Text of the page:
Smart. Sharp. Funny. Fearless.

Monday, December 09, 2019 {{ new Date().getDay() }}

Hold your applause. As milestones go, this one is disappointing.

It is, at best, half a milestone. Or a down payment on a milestone. If you are of a more cynical bent, you might even call it an effort to forestall a milestone.

Whatever you call it, last week’s decision by the Boy Scouts of America to allow openly gay Scouts, but not openly gay Scout leaders, to join, is unlikely to please or appease either side of the gay rights struggle. Predictably, that shrinking coterie of individuals for whom homosexuality and Satanism are synonymous greeted the decision with howls of anger and pain. Matt Barber, an attorney and blogger, accused the Scouts of having “betrayed its own constituency, mission, oath and law.” John Stemberger, an Eagle Scout and anti-gay activist, predicted the Scouts will “probably be destroyed” by this decision.

For the record, the Girl Scouts have no policy limiting lesbian involvement. Indeed, according to its website, Girl Scouts of the USA has embraced diversity and inclusion from the beginning, and it doesn’t seem to have hurt that group any: It has 3.2 million members and recently celebrated its 101st anniversary. So Stemberger’s prediction that the boys are doomed for doing what the girls have done for years seems nonsensical at best.

But again, there is little reason this should be celebrated by the rest of us, either. The Boy Scouts’ decision to split the difference — allow gay boys, ban gay men — does not exactly smell of Solomonic wisdom. Rather, it is marked by reasoning that is cockamamie even if taken on its own terms.

If, for example, you buy the notion there is something about male homosexuality that renders men unfit to be leaders, why doesn’t that same flaw render boys unfit to be followers? And if you buy the idiotic canard that every gay male is a pedophile in waiting, then how do you countenance allowing gay teenagers as old as 17 access to boys as young as 10?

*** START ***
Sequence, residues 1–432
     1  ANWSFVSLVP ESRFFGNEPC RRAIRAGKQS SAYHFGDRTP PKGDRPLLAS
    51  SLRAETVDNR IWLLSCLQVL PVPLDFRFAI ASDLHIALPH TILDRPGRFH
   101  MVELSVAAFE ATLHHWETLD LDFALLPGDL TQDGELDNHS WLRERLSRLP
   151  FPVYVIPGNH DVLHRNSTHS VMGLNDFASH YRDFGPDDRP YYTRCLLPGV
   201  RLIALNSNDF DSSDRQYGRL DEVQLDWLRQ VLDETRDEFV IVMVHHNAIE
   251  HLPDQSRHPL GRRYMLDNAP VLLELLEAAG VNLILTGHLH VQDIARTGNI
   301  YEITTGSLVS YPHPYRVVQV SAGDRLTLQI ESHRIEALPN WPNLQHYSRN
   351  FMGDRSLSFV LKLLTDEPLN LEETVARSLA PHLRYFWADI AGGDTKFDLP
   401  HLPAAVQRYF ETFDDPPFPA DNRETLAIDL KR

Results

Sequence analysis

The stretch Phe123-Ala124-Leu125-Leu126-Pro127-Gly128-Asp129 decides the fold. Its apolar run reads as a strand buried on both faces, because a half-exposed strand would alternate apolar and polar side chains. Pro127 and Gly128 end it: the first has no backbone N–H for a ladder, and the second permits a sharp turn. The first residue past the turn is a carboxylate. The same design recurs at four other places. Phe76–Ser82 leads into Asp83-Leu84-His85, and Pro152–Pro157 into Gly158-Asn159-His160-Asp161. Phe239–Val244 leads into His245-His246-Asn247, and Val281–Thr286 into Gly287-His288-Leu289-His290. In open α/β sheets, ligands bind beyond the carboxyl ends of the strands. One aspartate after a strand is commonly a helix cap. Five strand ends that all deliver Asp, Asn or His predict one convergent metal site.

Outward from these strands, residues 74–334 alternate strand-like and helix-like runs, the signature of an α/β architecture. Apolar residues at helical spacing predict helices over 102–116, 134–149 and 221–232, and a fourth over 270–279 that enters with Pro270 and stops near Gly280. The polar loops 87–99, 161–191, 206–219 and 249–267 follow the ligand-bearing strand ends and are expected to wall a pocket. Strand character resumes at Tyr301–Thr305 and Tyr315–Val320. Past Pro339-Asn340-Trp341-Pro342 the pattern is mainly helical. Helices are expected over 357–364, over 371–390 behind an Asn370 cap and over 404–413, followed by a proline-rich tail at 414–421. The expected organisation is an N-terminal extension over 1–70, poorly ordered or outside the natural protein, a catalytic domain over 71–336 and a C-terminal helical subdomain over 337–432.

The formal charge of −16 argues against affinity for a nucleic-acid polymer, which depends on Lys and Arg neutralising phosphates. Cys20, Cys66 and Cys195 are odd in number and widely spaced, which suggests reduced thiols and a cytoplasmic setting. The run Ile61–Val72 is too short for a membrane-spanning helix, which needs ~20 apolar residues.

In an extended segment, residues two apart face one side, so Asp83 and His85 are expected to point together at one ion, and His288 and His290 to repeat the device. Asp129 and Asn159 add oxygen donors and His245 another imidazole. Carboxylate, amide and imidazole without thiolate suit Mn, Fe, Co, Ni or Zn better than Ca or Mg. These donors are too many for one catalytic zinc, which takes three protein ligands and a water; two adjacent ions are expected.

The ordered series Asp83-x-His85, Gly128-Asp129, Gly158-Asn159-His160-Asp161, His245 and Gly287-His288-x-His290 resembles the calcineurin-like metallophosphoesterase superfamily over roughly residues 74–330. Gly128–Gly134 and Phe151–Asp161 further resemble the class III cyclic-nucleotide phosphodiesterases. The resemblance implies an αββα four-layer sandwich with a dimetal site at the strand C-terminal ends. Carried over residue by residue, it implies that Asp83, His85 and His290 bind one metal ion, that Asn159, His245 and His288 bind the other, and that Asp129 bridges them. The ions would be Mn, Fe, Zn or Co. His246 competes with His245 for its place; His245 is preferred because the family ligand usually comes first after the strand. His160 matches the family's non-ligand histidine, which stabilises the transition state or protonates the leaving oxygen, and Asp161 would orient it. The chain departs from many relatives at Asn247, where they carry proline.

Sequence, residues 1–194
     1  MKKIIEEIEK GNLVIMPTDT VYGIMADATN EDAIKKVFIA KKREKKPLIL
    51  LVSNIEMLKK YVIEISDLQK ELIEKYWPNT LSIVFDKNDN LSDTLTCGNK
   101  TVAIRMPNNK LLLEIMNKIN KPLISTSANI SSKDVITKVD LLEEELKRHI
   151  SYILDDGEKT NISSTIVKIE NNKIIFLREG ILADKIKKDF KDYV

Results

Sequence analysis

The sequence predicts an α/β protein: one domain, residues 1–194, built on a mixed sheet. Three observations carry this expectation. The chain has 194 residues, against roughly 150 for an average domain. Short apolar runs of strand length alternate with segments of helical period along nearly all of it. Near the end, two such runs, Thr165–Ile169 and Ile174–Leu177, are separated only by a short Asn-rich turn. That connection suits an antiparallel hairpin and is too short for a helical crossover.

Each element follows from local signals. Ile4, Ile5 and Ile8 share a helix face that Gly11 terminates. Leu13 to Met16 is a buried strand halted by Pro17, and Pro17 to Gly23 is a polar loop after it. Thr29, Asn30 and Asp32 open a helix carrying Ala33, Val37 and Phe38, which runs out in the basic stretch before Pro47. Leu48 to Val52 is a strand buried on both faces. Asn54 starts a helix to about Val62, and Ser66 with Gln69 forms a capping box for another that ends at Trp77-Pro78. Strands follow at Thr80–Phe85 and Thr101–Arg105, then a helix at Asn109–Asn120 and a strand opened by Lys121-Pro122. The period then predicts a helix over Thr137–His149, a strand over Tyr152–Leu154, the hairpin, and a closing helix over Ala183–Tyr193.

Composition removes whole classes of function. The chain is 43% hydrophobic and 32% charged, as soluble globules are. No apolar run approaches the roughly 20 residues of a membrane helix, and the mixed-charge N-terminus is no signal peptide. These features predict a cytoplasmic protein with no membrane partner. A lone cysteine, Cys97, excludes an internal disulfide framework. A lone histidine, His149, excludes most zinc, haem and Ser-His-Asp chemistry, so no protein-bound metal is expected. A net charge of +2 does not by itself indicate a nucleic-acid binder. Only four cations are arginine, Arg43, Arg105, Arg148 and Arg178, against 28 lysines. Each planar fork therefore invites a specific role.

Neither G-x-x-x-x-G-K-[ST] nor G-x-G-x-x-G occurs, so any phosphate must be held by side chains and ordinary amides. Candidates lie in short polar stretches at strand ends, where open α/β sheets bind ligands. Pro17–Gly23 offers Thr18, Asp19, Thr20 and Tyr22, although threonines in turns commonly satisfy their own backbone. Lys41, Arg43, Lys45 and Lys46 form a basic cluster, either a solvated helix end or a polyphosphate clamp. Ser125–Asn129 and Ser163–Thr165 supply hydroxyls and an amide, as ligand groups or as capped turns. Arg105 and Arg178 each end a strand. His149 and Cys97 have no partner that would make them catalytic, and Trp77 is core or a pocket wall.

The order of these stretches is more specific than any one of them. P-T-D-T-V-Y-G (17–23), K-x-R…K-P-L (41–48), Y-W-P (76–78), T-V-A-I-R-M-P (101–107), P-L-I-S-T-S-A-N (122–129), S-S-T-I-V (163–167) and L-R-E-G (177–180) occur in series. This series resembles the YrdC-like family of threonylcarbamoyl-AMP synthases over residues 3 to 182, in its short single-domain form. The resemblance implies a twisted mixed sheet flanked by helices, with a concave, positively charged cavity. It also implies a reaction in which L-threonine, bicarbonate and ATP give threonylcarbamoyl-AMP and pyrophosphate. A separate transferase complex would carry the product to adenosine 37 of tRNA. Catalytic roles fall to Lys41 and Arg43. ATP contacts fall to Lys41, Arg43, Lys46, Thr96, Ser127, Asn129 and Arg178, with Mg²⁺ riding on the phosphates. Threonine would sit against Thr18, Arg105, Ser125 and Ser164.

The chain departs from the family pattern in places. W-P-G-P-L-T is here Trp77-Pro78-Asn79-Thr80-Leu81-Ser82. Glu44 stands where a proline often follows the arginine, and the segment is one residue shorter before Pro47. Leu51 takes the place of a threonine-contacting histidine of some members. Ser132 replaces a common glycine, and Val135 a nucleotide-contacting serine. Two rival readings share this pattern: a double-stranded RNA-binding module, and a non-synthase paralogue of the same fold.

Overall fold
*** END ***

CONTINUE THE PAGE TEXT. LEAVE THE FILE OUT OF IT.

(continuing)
Worse, what kind of message does all of this send gay boys? You’re acceptable until you aren’t?

It is, of course, a mistake to seek logic here. This isn’t about logic, but about a conservative group doing what conservative groups always do when social change comes. Meaning, they bring up the rear, the caboose on the freedom train lurching belatedly to where the rest of us have already been.

It happened with racism, happened with sexism, happened with anti-Semitism, all of which conservatism loudly and proudly embraced long after the rest of us came to see them as evil and wrong. It is happening now with homophobia.

The problem for the Scouts and other conservative groups (paging the GOP!) is not simply that this change has been definitive (a record 59 percent of all Americans now find gay and lesbian relationships morally acceptable, according to a Gallup poll). It is not simply that this change has been swift (12 years ago, only 40 percent of us approved). No, it is also, maybe even primarily, that this change has been driven by young people, a whopping 70 percent of whom, ages 18 to 29, now believe same-sex marriage should be legal — up an also whopping 18 percentage points just since 2010.